“Obviously, I would like to have a few of those back, but that’s not how this game works,” Teater said, a reference to the holes he made miscues on. A drive well left crashed into trees a the par-4 third, he was wild right off the tee at the par-4 sixth, and at the par-3 eighth, Teater did what Weekley did, he three-putted for bogey.
Weekley’s biggest mistake came at the demanding, par-4 sixth, the last of the three-hole set called “the horrible horseshoe.” At the time 10 under and tied with Teater for the lead, Weekley lost his grip on the club, sprayed it miles right into a hazard, and made double.
Hardly had either one of them figured on following an outward 30 with inward scores of 37, but trophies aren’t handed out after 36 holes, so neither player was terribly upset. At 8-under 132, Teater left the course tied for second, one off the clubhouse lead, while Weekley sat in a share of eighth, at 6-under 134.
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2. Minor move, but it counts
The more difficult the task, the more splendidly Jordan Spieth handled it. Driving? Check. Hitting greens? Definitely. Putting? Eight one-putts always helps. So, give the 19-year-old credit for a round well played.
Except, that is, for the littlest detail. Marking his ball at the par-4 sixth. Oh, what a headache that was.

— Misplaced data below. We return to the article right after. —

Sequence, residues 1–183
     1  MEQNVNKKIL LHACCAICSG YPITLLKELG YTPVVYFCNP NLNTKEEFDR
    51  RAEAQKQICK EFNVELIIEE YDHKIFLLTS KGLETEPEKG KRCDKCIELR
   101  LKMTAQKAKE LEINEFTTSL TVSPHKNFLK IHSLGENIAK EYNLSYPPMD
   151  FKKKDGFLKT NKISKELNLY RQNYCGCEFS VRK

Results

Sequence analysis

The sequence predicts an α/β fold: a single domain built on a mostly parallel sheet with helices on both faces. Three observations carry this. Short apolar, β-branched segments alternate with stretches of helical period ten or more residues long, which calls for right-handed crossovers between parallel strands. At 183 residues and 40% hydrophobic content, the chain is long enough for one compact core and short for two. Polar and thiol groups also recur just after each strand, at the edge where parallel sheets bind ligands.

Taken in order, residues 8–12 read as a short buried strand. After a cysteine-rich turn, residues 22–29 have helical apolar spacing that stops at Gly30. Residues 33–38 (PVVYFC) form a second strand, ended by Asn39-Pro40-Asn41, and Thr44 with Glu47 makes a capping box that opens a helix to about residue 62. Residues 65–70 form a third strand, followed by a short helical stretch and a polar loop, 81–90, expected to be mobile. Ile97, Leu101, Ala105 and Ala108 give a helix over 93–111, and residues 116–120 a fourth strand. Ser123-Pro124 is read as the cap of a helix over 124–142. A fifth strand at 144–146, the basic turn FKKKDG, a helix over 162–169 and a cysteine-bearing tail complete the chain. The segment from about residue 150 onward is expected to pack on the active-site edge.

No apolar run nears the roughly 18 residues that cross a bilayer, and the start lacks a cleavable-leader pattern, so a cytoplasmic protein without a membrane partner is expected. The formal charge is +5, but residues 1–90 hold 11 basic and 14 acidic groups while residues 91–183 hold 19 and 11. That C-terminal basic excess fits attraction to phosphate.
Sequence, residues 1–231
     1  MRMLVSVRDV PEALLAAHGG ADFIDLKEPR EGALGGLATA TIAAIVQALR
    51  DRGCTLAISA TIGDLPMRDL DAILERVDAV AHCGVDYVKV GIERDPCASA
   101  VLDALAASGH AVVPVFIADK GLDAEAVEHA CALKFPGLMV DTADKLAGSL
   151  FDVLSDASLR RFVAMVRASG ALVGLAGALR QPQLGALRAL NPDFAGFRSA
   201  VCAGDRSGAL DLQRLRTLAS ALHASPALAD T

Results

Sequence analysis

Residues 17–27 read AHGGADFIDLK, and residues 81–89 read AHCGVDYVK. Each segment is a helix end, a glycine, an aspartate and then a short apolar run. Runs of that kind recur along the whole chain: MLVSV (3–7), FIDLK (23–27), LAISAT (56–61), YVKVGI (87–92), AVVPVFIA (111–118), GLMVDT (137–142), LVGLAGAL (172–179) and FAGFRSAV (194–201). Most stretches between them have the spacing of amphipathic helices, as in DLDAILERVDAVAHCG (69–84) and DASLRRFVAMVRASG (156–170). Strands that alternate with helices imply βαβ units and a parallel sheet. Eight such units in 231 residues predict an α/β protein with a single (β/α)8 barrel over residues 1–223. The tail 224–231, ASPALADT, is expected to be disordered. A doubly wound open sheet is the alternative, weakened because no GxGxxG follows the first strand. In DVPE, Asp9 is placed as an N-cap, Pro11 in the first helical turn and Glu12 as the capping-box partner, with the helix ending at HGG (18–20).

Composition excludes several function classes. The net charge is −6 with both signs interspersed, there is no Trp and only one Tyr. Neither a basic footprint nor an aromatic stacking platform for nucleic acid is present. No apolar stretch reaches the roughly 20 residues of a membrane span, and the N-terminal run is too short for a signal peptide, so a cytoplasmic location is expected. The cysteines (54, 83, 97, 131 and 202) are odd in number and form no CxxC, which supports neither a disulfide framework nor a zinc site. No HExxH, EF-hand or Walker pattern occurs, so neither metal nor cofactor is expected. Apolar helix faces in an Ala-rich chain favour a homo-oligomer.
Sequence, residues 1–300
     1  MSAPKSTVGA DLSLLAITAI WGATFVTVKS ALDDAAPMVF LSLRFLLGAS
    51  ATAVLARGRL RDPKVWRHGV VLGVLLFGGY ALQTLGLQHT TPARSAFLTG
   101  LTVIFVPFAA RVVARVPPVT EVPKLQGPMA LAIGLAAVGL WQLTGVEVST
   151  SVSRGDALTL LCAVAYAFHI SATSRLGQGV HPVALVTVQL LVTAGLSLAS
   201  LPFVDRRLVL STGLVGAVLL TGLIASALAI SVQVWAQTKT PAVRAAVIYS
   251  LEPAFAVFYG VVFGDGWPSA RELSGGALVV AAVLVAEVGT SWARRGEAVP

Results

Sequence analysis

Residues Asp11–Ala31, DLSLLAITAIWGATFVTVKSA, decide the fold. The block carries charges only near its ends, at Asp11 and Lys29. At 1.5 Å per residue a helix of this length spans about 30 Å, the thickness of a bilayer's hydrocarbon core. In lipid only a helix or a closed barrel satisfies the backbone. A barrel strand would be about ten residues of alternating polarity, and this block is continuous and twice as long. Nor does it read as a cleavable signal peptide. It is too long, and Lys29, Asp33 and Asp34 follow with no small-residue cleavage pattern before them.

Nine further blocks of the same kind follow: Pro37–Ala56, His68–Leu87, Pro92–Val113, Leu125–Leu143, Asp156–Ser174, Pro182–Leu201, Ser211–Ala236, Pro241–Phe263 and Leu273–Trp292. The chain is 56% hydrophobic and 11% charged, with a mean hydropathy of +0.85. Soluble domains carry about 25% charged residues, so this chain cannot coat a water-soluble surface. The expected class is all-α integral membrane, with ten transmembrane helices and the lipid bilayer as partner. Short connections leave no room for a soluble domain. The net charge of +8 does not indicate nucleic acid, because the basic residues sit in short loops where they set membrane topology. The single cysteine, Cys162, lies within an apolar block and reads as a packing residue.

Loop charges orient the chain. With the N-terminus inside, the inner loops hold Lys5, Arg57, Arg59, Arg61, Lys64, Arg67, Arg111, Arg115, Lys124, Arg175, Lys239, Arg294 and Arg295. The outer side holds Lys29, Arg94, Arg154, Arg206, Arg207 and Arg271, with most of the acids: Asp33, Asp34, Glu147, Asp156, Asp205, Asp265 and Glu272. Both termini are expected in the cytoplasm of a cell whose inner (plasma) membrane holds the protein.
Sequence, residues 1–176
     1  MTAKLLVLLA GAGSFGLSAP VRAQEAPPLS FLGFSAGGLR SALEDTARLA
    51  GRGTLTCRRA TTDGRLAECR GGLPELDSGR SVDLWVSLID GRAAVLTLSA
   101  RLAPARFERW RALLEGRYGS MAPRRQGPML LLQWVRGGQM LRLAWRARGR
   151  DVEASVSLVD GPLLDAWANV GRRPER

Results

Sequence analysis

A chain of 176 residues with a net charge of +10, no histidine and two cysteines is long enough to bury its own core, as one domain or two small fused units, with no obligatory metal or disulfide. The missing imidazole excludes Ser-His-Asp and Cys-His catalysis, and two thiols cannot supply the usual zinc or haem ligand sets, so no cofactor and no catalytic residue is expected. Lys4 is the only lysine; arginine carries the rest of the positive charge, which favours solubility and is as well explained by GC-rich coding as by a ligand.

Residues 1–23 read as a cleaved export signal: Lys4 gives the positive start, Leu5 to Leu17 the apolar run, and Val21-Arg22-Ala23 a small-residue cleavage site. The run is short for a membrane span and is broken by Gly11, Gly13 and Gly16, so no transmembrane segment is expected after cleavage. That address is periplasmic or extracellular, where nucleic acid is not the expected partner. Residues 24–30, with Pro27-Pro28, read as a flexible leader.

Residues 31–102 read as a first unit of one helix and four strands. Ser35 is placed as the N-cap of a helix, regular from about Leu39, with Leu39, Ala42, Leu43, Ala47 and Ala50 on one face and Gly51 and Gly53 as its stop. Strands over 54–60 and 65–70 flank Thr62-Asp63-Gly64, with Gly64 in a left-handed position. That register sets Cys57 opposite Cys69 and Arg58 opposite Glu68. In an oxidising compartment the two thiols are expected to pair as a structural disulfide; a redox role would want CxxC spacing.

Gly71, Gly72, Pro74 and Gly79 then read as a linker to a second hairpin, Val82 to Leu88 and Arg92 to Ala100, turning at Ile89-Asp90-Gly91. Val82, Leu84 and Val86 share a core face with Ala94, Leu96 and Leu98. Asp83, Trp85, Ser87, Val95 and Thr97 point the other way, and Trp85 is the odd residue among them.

“It was just a bad break in timing,” Spieth said. “If I had hit the putt two seconds earlier, it wouldn’t have done that.”
He meant move, which is what the ball did, ever so slightly. He put the blame on his ball coming to rest in a shoe print, a pesky cleat mark forcing the slightest of movement just before he putted. Spieth sensed that it was going to move, but he had already grounded his club and that led him to call in an official.
Since it wasn’t wind that forced the ball to move, it was a one-stroke penalty and a bogey. Still, on a day when he made five birdies, the mishap was only a blip. The teenager from Dallas shot 67 and sits at 8-under 132, which was just one off the clubhouse lead when he called it a day.
Shortly after his round, the field list for next week’s Memorial Tournament was released and Spieth was not included. There had been speculation that he’d get a late invite, but there shouldn’t be any big concerns here. He’s in the hunt to win this week and he’s got a date at Dallas’ Lakewood Country Club June 3 to try and earn his way into the U.S. Open.
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3. Maybe he can interview himself
Given that he is more closely associated with his work for the Golf Channel than the PGA Tour these days, we didn’t think Steve Flesch was going to brush aside the electronic media after scripting a bogey-free 6-under 64.